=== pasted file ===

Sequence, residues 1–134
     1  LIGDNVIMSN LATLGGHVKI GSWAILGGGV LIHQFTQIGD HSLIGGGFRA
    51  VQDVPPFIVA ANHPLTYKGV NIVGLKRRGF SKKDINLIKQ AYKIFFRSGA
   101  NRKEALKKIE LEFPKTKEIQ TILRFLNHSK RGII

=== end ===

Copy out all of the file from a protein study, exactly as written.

Sequence, residues 1–134
     1  LIGDNVIMSN LATLGGHVKI GSWAILGGGV LIHQFTQIGD HSLIGGGFRA
    51  VQDVPPFIVA ANHPLTYKGV NIVGLKRRGF SKKDINLIKQ AYKIFFRSGA
   101  NRKEALKKIE LEFPKTKEIQ TILRFLNHSK RGII